THE BLIND MAN by Marcel Duchamp, Beatrice Wood, & Henri-Pierre Roché, edited by Sophie Seita

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A facsimile edition of two 1917 magazines, The Blind Man (Issues 1 & 2, April-July 1917) and Rongwrong, edited by Marcel Duchamp, Henri Pierre Roché and Beatrice Wood, in celebration of the 100th anniversary of their publication. Housed in a custom box along with an offset reproduction of Beatrice Wood's poster for the Blind Man's Ball, a letterpress reproduction of The Ridgefield Gazook (1915), a scholarly introduction by Sophie Seita, and translations of the French texts by Elizabeth Zuba, these important little magazines of the early twentieth century were part of a network of proto-Dada, modernist, and other avant-garde New York salons and publications that introduced audiences to Dada in the United States.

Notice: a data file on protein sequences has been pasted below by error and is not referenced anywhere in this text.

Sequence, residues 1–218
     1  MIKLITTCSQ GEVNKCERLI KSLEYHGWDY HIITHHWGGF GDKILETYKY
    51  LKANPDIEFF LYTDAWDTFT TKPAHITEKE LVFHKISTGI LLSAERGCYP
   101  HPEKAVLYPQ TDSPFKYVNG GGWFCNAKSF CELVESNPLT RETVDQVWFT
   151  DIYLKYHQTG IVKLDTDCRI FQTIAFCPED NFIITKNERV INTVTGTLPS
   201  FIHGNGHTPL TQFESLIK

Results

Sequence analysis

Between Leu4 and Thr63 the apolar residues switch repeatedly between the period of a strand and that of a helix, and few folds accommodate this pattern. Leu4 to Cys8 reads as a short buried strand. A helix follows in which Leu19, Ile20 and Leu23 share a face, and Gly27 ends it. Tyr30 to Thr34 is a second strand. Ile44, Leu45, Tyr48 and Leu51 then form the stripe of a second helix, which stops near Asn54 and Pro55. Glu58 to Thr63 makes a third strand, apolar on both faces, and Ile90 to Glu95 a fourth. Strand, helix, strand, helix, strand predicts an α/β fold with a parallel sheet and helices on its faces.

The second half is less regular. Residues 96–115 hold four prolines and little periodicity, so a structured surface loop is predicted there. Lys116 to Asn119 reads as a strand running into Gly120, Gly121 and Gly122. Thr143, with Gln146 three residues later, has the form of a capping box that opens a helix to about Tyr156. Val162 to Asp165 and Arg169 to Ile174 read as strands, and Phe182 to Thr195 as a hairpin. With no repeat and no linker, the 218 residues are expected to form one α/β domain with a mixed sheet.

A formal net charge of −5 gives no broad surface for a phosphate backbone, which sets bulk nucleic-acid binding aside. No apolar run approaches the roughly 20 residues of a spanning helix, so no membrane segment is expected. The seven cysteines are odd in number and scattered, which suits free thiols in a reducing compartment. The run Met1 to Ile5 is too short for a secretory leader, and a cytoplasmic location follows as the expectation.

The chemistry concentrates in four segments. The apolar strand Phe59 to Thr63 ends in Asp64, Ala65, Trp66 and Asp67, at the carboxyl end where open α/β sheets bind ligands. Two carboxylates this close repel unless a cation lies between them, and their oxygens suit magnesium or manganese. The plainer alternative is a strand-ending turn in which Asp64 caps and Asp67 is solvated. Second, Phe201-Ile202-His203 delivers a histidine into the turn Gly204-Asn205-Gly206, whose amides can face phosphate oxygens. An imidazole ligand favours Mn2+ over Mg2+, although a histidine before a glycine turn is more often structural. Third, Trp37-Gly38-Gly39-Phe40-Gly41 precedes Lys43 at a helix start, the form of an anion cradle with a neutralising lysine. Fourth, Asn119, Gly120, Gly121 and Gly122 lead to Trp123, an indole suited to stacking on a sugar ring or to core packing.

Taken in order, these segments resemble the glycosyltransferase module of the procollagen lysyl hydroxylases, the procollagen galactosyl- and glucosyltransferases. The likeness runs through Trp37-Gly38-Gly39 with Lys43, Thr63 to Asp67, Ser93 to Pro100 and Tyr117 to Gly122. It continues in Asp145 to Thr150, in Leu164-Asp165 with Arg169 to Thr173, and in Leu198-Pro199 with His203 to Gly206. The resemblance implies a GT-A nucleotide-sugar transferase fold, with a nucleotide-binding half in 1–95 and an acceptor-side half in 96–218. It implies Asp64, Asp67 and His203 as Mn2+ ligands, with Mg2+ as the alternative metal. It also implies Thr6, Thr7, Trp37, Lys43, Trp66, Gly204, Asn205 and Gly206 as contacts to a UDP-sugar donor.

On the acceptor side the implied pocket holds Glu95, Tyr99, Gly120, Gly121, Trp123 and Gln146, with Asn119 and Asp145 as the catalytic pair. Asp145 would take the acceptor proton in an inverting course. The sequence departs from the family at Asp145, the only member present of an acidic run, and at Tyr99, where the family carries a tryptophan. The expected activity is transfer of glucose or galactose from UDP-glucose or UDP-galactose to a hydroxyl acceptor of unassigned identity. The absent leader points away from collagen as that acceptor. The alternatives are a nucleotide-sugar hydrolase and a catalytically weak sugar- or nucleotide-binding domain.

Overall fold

While The Blind Man itself has only fairly recently garnered critical interest from artists and scholars, the second issue of The Blind Man featured what is perhaps one of the best known conceptual artworks of all time: Duchamp’s urinal "Fountain," photographed by Alfred Stieglitz. The issue’s cover featured—no less famous—Duchamp’s "Broyeuse De Chocolat (Chocolate Grinder)," often considered to have initiated Duchamp’s move towards an anti-art aesthetic. Putting the "Fountain" and "Chocolate Grinder" back into their original publication context, a print community in which editors and contributors defended the scandal caused by Duchamp’s public challenge to the accepted definition of art, will help contemporary readers appreciate the radicalism of Duchamp’s work inside a magazine and avant-garde community that was deeply engaged with the issues of its time. This facsimile reprint will be complimented by an extensive essay by Sophie Seita, contextualizing The Blindman/The Blind Man and rongwrong within the New York Dada and modernist magazine ecology, as well as a letterpress print of The Ridgefield Gazook (1915) and an offset poster for The Blind Man's Ball, designed by Beatrice Wood.